Quite often, treasure troves of rare jewelry and thousands of precious medieval coins have been discovered in Moscow. Sometimes, its even possible to reconstruct the dramatic circumstances of their production, as well as the historical events surrounding their secret burial. 1. Big Kremlin treasure
The find contained rare jewelry produced not only in Russia but also in Scandinavia and Persia
Treasure has been found a number of times inside the Kremlin. However, a discovery made in 1988 was the biggest, consisting of 300 pieces that included many silver bars and jewelry items that date to around the 13th century.
The find contained rare jewelry produced not only in Russia but also in Scandinavia and Persia. The treasure allegedly belonged to a Moscow prince, and was hidden in 1238 when the city was besieged by the Mongols. The city fell and was devastated, as was all of medieval Russia, which lost its sovereignty for a couple of centuries.
The treasure included many rings, such as one made from gold with an inscription in Arabic: "Glory, success, power, and happiness to its owner."
The treasure was discovered at the depth of five meters, found in what originally was a wooden chest but which after 750 years was nothing more than dust. The treasure's historical significance is proof that around the mid-13th century Moscow was at the center of medieval Russia's political life and played an important role in international transit trade.
2. Ipatiev treasure
The silver weighed more than 70 kilos and was hidden in the early 17th century
A treasure trove, which was found almost 30 years before the one in the Kremlin, contained a huge number of Spanish silver coins in a copper basin. There were 3,398 piasters minted in the 16th and 17th centuries, mainly in Spanish territories of Mexico, Bolivia and Columbia.
The silver weighed more than 70 kilos and was hidden in the early 17th century. The treasure was found during construction in Ipatiev Lane in the city center. Historians are not sure what these coins were intended for. Probably, they were to be melted down and made into Russian coins.
3. Arabic treasure
Cathedral of Christ the Saviour in Moscow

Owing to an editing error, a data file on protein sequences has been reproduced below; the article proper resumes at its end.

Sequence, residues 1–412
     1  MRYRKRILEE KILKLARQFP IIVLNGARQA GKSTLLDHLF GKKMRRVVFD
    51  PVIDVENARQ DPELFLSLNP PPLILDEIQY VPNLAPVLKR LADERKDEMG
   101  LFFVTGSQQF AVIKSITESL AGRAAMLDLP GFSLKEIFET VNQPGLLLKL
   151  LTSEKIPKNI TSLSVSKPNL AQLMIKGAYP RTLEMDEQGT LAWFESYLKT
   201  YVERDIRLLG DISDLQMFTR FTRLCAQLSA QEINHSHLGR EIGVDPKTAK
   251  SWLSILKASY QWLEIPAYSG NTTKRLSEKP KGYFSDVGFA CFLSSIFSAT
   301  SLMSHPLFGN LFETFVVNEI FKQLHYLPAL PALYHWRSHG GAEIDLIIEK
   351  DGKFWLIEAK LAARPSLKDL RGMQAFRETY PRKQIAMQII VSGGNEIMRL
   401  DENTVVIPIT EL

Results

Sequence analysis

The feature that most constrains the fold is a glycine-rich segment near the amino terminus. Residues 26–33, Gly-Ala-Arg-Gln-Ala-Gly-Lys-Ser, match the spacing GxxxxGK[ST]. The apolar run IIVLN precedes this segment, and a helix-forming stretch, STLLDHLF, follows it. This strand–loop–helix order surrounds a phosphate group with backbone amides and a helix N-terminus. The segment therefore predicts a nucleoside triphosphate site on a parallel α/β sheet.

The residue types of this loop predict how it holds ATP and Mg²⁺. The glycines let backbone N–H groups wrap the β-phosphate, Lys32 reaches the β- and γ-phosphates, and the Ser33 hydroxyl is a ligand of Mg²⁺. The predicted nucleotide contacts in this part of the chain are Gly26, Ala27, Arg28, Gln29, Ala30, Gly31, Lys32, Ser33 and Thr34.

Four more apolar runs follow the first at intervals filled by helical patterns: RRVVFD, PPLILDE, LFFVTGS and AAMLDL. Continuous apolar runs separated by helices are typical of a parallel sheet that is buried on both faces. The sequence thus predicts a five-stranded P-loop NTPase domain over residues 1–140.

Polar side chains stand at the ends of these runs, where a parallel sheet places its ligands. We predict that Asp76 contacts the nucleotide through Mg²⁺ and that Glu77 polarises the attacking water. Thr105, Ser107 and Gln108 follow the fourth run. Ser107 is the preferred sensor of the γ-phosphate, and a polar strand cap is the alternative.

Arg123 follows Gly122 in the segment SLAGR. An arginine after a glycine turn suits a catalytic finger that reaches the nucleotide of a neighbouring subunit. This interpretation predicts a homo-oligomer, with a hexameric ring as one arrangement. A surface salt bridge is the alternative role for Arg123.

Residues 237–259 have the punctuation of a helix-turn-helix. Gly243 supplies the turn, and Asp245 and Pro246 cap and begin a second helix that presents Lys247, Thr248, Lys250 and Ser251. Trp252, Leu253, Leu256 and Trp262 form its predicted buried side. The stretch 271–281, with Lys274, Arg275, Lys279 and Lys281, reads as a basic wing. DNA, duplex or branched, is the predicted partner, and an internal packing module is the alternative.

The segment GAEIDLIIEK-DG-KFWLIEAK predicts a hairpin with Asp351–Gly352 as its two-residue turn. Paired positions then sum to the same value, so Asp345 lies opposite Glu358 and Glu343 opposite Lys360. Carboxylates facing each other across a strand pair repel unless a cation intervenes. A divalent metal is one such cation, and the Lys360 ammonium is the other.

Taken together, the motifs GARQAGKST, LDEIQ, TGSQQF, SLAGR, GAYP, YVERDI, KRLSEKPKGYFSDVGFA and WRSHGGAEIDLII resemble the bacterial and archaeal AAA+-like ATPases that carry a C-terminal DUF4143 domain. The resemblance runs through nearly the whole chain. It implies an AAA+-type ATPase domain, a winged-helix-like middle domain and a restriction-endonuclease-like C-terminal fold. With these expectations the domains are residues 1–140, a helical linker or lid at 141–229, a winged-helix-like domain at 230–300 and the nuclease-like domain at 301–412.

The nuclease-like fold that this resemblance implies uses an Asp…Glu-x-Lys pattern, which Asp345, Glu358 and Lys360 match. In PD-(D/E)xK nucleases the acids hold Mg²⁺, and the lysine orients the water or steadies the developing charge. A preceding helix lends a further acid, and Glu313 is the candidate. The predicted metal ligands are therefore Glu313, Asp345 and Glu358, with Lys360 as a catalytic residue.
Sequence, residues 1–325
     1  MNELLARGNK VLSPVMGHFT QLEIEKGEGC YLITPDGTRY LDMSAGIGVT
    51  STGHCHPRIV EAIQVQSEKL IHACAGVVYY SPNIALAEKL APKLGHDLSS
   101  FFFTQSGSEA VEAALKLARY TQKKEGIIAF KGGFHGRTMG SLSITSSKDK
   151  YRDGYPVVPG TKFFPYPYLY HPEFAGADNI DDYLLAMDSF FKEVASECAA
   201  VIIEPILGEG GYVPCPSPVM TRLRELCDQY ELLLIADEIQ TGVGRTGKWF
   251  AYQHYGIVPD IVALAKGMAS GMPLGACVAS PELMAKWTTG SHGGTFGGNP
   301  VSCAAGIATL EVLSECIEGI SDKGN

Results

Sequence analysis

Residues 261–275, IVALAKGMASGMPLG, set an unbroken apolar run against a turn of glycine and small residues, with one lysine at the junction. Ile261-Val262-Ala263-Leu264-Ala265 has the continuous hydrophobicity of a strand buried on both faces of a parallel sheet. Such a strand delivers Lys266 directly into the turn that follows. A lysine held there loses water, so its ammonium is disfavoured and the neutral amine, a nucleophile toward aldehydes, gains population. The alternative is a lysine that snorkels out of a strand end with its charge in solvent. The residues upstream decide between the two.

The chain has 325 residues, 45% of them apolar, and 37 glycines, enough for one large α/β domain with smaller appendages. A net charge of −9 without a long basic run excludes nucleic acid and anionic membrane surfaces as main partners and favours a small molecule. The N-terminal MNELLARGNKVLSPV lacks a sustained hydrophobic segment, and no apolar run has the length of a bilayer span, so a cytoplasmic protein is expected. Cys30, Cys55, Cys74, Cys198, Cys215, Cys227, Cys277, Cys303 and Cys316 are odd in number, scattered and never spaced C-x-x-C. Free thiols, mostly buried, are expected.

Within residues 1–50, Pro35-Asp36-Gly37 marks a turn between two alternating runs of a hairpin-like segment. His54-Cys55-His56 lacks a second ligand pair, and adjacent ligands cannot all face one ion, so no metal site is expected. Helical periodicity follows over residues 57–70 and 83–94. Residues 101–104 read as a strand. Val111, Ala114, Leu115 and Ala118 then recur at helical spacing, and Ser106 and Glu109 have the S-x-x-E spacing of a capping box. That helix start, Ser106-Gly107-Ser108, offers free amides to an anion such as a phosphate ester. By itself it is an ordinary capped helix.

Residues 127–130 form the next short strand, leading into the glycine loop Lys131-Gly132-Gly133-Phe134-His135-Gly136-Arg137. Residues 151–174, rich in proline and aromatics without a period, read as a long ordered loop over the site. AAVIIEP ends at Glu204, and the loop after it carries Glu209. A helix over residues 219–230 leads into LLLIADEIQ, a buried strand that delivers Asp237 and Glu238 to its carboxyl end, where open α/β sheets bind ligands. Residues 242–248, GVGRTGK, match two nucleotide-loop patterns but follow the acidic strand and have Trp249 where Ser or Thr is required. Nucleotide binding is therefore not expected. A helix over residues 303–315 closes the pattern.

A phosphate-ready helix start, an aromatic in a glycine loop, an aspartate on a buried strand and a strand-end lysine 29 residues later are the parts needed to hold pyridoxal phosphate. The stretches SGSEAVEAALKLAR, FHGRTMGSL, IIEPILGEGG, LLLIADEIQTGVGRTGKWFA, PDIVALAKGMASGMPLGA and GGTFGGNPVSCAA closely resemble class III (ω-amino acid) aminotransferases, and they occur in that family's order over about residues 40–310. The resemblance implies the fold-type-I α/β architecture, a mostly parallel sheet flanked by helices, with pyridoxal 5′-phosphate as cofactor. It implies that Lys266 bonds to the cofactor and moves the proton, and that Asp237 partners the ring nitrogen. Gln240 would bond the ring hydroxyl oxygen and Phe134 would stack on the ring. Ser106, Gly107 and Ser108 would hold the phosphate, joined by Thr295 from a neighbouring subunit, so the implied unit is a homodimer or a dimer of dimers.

Arabic dirhams dating to the 9th century were found in the 1830s during construction of the original Christ the Savior Cathedral. It is thought these Arabic coins were the first money in circulation in medieval Russia, and it's reported that no less than 15 similar treasure hoards have been discovered in and near Moscow.
When the treasure was hidden Moscow did not even exist, and so some people believe that the dirhams might have been hidden on the hill slope by merchants as a precaution against an attack by brigands.
4. Almost 100,000 coins
The trove was discovered a few hundred meters from the Kremlin
A huge treasure trove was discovered in Moscow's downtown in 1996 just a few hundred meters from the Kremlin and it consisted of more than 300 western European coins and 95,000 Russian silver ones. At that time the State History Museum only had 70,000 Russian-made coins in its collection.
The oldest in the trove date to the reign of Ivan the Terrible in the mid-16th century, and it's believed that the owner hid it beneath his wooden house, which burned to the ground.
5. Enough coins to build an estate
Their value at that time was about 350-380 rubles - enough to build a lavish estate in Moscow
Another huge hoard of coins was discovered in 2015 during construction of the new park, Zaryadye. Workers found 43,000 silver coins that weighed 20 kilos.
They were also minted close to or during the reign of Ivan the Terrible, but were hidden in the early 17th century during the so-called Time of Trouble, the period of internal turmoil and foreign meddling in Russia's affairs.
Their value at that time was about 350-380 rubles. This money was enough to build a lavish estate in Moscow. In general, most treasure found in Moscow were originally hidden in the 15th and 16th centuries when the political situation was far from stable and people were uncertain about the future.
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